Tuesday, July 29, 2003

Datsuns wow Southgate crowd with energetic '70s-style set



By Chris Varias
The Cincinnati Enquirer

As they say, there is nothing new under the sun. This is certainly true of music. You'd have to look no further than three of Cincinnati's best bands - the Greenhornes, Thee Shams and Pearlene - to find examples of musical throwbacks celebrated as part of a new breed.

Another group that fits this bill comes from a point on the opposite side of the globe. The Datsuns, from New Zealand, put on a fierce performance at the Southgate House Saturday night that recalled any number of 1970s bands, songs and styles.

Call the hour-plus concert "That '70s Show." The foursome boogied like Brownsville Station. They borrowed the meanest, fastest riffs from Deep Purple, ZZ Top and whoever else. They swung their guitars and dropped to their knees with the conviction of MC5.

And they looked the part, with long, stringy hair, bellbottoms and emaciated physiques suggesting provisions of an apple a day split four ways.

There was not one part of the Datsuns' act that could be called original, yet it was easily one of the best shows of the year so far, and the crowd of 200 or so was thoroughly knocked out.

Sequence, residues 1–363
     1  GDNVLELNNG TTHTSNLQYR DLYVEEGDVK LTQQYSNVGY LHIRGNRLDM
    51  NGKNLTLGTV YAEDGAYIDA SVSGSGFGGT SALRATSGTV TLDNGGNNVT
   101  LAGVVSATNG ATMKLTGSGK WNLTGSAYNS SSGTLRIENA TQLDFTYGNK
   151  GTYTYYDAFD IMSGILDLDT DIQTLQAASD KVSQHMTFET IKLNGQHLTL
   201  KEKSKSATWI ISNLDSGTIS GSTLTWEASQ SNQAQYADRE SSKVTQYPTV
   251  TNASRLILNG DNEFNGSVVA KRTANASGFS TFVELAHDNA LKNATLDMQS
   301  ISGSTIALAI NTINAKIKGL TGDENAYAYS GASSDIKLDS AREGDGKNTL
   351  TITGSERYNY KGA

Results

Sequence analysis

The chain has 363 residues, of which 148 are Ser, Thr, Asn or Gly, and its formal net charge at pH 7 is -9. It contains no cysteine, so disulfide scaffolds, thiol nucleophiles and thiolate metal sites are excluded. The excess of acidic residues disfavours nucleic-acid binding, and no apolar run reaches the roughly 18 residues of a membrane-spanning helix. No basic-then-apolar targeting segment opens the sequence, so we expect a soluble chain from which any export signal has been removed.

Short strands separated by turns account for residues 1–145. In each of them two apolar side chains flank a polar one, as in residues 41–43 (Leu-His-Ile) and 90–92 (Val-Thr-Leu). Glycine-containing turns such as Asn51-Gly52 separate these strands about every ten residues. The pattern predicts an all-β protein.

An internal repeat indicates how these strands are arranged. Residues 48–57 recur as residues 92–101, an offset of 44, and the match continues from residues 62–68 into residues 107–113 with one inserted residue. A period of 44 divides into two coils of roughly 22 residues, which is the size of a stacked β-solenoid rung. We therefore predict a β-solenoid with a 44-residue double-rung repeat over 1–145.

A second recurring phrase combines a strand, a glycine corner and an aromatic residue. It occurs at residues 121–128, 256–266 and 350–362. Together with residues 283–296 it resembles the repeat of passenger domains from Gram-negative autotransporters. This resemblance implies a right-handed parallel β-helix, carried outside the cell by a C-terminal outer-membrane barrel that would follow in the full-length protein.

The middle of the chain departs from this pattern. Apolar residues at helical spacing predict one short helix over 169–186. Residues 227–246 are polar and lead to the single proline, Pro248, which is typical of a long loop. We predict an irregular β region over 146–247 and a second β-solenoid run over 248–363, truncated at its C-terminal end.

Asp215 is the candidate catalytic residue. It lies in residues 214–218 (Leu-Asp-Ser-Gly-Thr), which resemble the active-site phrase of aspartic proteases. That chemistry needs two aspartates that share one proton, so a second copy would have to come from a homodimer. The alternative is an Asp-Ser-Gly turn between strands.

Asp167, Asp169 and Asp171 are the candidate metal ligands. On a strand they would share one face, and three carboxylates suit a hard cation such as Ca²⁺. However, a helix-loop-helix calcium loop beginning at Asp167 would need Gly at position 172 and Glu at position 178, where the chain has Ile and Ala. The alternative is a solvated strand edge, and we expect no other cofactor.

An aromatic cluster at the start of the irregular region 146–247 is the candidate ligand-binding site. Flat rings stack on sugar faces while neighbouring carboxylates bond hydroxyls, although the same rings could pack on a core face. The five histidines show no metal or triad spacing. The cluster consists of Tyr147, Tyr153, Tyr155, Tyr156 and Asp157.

The show fell between the band's dates on the Ozzfest tour, and playing on bigger stages to bigger crowds had to have helped a club appearance. The set was tight, one fast-and-loud number after the next, never relenting. And guitarists Christian and Phil, as they are known, spared neither the wah-wah pedal nor the windmill action.

"Harmonic Generator" had the only nod to contemporary style, as lead singer Dolf put down his bass and the band went with a drum-and-guitar-only sound. Everything else was a full-blown jam, either contained in five-minute structures or, in the case of the sprawling encore selection, "Freeze Sucker," a 10-minute-plus freak-out.

A pair of local opening bands, Dixie Trash and Jackass, also worked the hard-rock aesthetic, each from its own angle.

Dixie Trash's set was literally in-your-face. Singer Jack Rouse left the stage on several occasions to do some nose-to-nose screaming at members of the audience, while the band put forth a mix of punk, garage and rockabilly.

Jackass' set began a half-hour before the scheduled time, so unfortunately most of the crowd missed the band's crunchy, hard-rock-radio-worthy stylings.

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E-mail cvarias@enquirer.com




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